Nothing is happening. Not quite true, of course, but the risk averse culture is so embedded in senior management that many authorities seem hell-bent on retaining responsibility for these decisions, regardless of the fact that children are unhappy, carers exasperated and under-valued and already busy social workers embroiled in tasks others could and should take from them. In fact, the welcome legislation is nevertheless not a radical departure from the guidance that existed before April 2011. It wasn’t implemented then because of the risk averse culture and nothing significant has altered.

Finally, I’ve come across an increasing number of examples from several authorities where the much vaunted ‘streamlining’ means assessments are being rushed and the ‘flexibility’ over placements means foster homes are more crowded than ever as age and placement criteria are being stretched to fulfil demand. This is a natural consequence of fewer resources caused by spending cuts and growing demand as the threshold for coming into care shifts.

It’s not news, however, that this does not contribute to better childcare. Children are given what is available, not what they need. Carers are pressurised to go beyond their areas of preference and expertise. Carers are great, they don’t want to say ‘no’, they want to help, but to do so they require support from us professionals, which is not the case if we take shoddy resource-driven placement decisions. Above all, children’s needs are not being met. Far from addressing the problems, I fear we are merely storing up worse for the future.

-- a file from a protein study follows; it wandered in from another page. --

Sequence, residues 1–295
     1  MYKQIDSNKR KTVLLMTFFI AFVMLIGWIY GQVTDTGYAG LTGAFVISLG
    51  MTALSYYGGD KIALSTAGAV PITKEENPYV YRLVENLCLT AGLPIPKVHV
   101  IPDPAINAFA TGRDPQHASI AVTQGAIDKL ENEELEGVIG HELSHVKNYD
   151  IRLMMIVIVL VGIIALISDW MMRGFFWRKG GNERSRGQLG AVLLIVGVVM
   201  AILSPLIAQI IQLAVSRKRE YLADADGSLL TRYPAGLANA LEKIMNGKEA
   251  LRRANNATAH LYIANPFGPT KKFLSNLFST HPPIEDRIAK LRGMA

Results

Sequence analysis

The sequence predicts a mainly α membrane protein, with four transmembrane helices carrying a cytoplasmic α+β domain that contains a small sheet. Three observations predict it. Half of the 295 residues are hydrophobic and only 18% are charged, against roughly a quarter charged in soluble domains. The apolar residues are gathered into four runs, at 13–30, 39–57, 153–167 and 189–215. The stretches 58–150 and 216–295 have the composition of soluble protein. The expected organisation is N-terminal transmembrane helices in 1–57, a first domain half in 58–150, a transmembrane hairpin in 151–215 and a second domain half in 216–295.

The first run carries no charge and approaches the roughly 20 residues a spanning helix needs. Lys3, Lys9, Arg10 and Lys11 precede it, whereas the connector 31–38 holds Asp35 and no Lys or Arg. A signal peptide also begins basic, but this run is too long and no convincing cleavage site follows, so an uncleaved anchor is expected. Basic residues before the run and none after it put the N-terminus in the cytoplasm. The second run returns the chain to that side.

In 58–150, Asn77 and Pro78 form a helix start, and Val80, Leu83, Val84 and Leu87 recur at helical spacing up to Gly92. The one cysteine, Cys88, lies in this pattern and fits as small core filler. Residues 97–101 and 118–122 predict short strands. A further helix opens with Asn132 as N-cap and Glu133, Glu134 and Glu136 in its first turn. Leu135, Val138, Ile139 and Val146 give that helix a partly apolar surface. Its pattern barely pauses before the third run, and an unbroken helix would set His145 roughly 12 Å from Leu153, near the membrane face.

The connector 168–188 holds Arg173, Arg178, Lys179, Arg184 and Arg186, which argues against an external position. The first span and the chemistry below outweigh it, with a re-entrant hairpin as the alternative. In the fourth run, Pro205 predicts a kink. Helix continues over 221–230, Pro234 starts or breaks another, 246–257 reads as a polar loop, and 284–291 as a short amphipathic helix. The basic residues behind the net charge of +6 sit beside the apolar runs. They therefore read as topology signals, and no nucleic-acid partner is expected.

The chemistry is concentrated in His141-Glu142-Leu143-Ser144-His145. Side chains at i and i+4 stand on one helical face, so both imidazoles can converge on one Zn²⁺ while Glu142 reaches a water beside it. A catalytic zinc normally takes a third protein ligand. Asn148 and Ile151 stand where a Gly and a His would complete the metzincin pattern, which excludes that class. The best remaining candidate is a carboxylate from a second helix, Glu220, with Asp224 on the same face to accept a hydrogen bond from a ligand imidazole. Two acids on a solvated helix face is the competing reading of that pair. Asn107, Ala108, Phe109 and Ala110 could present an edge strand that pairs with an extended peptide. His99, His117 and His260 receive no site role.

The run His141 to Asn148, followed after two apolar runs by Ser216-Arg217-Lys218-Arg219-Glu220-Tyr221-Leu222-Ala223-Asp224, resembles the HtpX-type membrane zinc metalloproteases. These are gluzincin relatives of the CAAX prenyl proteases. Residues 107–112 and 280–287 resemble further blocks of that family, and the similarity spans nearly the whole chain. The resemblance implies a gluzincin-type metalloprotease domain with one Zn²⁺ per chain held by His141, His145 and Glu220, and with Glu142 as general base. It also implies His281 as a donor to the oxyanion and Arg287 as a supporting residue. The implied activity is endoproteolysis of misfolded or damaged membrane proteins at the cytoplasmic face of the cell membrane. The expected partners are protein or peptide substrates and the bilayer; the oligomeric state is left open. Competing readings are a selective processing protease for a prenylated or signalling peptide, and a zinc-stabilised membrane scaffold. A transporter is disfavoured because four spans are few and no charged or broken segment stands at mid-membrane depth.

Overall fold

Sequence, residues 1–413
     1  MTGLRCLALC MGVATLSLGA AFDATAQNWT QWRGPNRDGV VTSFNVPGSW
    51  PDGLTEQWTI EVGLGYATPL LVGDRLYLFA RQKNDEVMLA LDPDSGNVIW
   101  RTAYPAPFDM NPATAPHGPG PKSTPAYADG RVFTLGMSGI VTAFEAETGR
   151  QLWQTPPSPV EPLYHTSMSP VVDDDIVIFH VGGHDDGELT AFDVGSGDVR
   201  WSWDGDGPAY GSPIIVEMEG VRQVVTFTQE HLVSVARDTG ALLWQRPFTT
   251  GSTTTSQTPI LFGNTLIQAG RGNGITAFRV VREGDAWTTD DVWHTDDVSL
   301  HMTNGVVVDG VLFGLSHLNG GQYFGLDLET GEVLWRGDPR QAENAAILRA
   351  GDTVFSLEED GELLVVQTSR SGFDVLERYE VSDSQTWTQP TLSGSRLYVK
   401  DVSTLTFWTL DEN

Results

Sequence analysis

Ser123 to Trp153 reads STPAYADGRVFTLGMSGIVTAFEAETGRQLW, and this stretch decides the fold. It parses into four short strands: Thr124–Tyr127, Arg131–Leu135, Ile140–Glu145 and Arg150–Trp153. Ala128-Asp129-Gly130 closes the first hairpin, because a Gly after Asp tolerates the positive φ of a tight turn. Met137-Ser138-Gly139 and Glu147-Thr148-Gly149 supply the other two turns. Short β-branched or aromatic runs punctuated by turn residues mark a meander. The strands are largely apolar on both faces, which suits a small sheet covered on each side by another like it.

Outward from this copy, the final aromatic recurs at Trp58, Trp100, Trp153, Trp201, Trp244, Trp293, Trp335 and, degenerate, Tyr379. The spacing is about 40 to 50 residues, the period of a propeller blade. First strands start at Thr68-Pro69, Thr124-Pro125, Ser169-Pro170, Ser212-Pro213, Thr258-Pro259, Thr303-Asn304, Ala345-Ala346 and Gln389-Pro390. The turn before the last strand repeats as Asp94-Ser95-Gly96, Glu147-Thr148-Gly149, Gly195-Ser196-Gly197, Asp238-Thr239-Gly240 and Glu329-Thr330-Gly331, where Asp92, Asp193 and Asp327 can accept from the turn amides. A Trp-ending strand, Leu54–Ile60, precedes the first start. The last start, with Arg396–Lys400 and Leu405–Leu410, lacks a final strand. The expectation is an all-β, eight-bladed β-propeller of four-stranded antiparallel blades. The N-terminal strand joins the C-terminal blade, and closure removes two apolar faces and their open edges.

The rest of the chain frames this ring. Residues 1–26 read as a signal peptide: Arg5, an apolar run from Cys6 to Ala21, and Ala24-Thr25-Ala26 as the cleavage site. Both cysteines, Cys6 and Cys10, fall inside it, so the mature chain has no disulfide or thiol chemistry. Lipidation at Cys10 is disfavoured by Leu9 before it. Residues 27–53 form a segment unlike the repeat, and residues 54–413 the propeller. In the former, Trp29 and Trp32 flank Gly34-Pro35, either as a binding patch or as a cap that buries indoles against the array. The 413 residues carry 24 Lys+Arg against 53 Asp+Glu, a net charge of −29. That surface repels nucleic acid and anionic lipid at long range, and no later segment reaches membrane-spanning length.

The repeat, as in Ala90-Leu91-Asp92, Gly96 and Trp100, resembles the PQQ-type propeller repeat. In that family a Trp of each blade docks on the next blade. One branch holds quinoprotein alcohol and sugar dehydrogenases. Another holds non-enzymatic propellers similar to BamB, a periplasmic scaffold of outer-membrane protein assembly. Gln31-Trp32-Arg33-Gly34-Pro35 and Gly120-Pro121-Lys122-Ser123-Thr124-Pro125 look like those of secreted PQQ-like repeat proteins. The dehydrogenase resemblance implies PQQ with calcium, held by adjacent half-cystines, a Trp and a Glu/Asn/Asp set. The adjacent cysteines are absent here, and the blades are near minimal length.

KM v Cambridgeshire: the Supreme Court’s decision is not about assessment

“I’m just hoping that after tomorrow the link between value of cash payment and cost of meeting need is not utterly broken!”

…I tweeted yesterday, contributing to a debate about our hopes and expectations for today’s Supreme Court ruling in KM, R (on the application of) v Cambridgeshire County Council 2012] UKSC 23 (31 May 2012). This blog is about that case. I’m pleased to say that my hopes have been fulfilled. But I had set my sights low. I am utterly bemused by some of the other claims being made for this judgement.

Community Care: three key questions

Adult Community Care issues can generally be boiled down to three questions:

  • Assessment: deciding what needs should be met
  • Funding: deciding who is going to contribute what to the cost
  • Delivery: deciding how the needs are going to be met

The KM case was about direct payments, so where do direct payments fall to be considered? Answering that question is key to understanding this judgement. Although direct payments involve the flow of money between local authority and service user, they are not about how the package is funded. And although there are tools to determine how much a direct payment should be, these need have little to do with assessment of eligible need. Direct payments are, pure and simple, one of a number of ways of delivering a service.

What the Supreme Court said about assessment

To be fair, the Supreme Court said a fair bit about how to assess eligible need:

  • It set out the legal framework (paragraph 11ff);
  • It affirmed that the statutory guidance ‘Prioritising Need in the Context of Putting People First’ gets the framework right (paragraph 16);
  • It reaffirmed that once a local authority has determined eligible need, it must meet that need (paragraph 21);
  • It decided not to revisit the case of Barry, which held that resources could taken into account during the assessment process (paragraph 43);